The Archaia qualification provides intellectual opportunities to graduate students with wide-ranging interests in the ancient and premodern worlds, extending their studies beyond departmental lines and incorporating methods from the social sciences and the humanities. Students fulfill the requirements of their home department, with a course of study individually tailored to allow for rigorous interdisciplinary work via seminars and independent study. The qualification is open to graduate students at Yale. For details, see the Graduate School of Arts and Sciences Programs and Policies.
The Core Seminar
The workshop theme fo 2016-17 is “Slavery, Dependency and Genocide in the Ancient and Premodern World.” The associated Core Seminar meets in Spring 2018 and is co-taught by Ben Kiernan (History) and Noel Lenski (Classics and History), contact Noel.Lenski@yale.edu.
The course covers the subject of class and ethnic repression from the third millennium B.C.E. to the mid-second millennium C.E. It analyzes textual, epigraphic, and iconographic sources for slavery, dependency, and genocide in Assyrian, Egyptian, Greek, Roman, Han, Germanic, Angkorian, Vietnamese, Burmese, Malay, Mayan, and Aztec cultures. Questions discussed will include the terminology of slavery and genocide across cultures, the extent and intensity of these strategies over time and place, their role in shaping and even constituting social and economic relations, and the similarities and differences between societies in the uses to which they put mass repression.
The workshop theme for 2016-17 was “Fakes and Forgeries.” The associated Core Seminar met in Spring 2017 and was co-taught by Irene Peirano Garrison (Classics) and Eckart Frahm (NELC).
A comparative exploration of notions of forgery and authenticity in the ancient and premodern worlds, in a variety of civilizations (ancient Greece, Mesopotamia, Egypt, Israel, China, India, etc.) and different political, religious, literary, and artistic contexts. Emphasis is also placed on the pivotal role played by the “authentic” in the modern era in disciplines such as philology and aesthetics, the manipulative uses of ancient history for purposes of modern nation building and identity formation, copies and reconstructions of ancient artifacts, and the role of forgeries in today’s antiquities trade.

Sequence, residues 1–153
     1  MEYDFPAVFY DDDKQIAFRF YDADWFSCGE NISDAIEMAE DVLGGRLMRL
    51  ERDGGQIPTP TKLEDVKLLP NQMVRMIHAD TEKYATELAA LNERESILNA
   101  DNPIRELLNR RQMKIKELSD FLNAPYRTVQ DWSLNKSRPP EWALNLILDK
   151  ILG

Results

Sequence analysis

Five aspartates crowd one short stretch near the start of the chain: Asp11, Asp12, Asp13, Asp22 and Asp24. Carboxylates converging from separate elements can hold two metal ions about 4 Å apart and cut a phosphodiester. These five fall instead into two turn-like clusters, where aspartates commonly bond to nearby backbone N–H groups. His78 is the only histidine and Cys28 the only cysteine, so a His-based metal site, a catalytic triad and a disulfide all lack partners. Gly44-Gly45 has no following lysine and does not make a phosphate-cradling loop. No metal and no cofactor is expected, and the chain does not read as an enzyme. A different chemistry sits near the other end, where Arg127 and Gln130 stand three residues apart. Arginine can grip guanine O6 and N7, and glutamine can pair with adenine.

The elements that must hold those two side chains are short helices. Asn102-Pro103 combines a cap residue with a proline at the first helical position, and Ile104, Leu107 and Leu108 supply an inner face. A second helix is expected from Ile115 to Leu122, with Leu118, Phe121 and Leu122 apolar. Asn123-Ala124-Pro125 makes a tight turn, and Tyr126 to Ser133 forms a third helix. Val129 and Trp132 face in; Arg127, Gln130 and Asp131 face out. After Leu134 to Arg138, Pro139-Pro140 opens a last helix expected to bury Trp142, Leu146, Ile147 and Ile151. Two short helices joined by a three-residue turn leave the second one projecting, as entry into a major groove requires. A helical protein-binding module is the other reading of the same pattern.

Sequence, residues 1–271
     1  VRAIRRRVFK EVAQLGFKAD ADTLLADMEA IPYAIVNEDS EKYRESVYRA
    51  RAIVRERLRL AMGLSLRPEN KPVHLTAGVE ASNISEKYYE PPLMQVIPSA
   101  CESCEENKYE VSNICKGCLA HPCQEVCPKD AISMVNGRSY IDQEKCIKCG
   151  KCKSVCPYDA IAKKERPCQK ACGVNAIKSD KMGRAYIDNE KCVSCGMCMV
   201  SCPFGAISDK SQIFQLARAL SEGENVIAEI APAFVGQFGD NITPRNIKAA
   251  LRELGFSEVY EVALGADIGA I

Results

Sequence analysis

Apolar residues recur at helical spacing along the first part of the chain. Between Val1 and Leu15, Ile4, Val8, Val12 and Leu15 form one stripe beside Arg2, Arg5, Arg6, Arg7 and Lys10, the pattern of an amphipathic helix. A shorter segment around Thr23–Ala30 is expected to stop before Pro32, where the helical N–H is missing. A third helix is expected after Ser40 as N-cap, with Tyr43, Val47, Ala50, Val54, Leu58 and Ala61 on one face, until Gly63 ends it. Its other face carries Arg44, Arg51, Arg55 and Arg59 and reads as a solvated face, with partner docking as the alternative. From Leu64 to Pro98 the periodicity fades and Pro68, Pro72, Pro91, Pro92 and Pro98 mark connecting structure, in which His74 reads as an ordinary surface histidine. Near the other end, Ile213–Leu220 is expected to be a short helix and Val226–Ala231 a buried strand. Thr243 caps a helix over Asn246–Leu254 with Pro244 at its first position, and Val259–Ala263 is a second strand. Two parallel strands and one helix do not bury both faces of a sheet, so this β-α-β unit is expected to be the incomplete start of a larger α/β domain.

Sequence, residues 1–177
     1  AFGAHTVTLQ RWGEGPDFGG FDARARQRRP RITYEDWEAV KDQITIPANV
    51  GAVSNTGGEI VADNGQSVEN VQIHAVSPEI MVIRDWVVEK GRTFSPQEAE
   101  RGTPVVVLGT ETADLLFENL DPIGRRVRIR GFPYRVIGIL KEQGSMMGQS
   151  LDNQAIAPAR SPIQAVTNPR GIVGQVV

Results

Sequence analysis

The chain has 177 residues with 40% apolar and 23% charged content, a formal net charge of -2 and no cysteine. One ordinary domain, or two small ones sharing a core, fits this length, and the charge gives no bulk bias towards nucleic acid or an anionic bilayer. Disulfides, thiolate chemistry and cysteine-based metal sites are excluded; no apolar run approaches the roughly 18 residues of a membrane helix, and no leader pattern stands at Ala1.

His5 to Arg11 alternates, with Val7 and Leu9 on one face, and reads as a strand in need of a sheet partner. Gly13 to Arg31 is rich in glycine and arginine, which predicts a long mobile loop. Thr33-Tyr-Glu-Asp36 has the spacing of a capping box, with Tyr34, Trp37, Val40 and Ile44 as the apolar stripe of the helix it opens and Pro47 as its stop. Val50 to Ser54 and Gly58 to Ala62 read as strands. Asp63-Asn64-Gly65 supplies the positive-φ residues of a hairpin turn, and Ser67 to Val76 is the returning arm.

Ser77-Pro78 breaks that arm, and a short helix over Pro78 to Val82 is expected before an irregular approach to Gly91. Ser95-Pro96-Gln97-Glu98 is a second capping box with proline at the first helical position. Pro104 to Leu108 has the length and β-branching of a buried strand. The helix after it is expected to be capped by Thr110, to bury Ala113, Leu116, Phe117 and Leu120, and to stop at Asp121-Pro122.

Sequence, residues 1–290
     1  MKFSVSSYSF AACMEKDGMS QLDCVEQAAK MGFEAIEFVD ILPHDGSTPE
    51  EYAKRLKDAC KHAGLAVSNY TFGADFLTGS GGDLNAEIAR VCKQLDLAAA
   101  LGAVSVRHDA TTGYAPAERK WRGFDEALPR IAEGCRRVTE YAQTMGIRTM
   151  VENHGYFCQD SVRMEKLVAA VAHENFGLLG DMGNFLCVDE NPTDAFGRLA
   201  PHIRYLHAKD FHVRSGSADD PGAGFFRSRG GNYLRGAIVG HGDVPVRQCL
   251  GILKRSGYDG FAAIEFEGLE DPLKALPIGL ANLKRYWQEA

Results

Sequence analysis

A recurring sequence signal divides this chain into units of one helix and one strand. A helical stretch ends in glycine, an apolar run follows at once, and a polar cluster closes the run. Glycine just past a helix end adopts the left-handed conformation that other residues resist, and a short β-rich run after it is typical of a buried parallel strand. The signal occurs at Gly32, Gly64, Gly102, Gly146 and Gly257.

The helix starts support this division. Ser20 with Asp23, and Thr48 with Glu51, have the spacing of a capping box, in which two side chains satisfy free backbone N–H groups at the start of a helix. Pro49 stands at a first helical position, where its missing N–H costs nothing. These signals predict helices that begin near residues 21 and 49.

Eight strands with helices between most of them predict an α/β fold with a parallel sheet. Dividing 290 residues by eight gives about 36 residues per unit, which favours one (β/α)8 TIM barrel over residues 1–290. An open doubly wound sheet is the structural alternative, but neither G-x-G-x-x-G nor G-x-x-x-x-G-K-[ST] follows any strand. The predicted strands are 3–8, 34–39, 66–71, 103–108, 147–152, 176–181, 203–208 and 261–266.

The Ancient Judaism Workshop
An Ancient Judaism research workshop, intended to offer a setting for graduate students to share their current research with their fellow graduate students. This workshop allows a sense of academic sharing within the program and offers a suitable setting for students to present their work for evaluation and feedback before presenting their work to the larger academic community. The workshop also invites faculty members to share with the workshop’s participants some of their most recent research projects, in order to allow a vibrant atmosphere for academic discussions among faculty and graduate students. The workshop occasionally invites participants from other universities to share their recent academic findings, especially if the person in mind has recently completed a research project of interest to the participants of the workshop.
The Pre-modern Gender & Sexuality Working Group (PGSWG)
offers a forum for students and academic fellows to meet and tackle questions and problems with like-minded colleagues who have a shared interest in gender and sexuality as well as the pre-modern. Thus the group also addresses issues of sources, methods, and frameworks for the study of pre-modern societies. Read More
The Archaia Forum (formerly YIWSA).
The Yale Interdisciplinary Working Group for the Study of Antiquity (the Ancient Societies Working Group) is a forum for graduate students who take the distant past as their object of study. Once a month participants gather to hear two students from different departments give papers that serve as the basis for a broader discussion across conventional disciplinary boundaries. Our scope for the term “antiquity” (or “antiquities”) is broad: we welcome students of cultures across the globe and periods across the ages to share their approaches to the past. At the end of each semester we host a panel with faculty from Yale and elsewhere to provide comparative perspectives on a selected topic.
YIWSA is soliciting presentations for the academic year 2017–2018. Read more here: http://classics.yale.edu/workshops/archaia-forum.
The Yale Arabic Philosophy Group
The Arabic Philosophy Group addresses itself equally to philosophers, Arabists, and Islamicists as well as to students and scholars of Classics, and Medieval, Renaissance, and Judaic studies. The speakers are asked to present original texts in English translation, so that knowledge of Arabic is not required to follow the presentation and participate in the discussion. Read More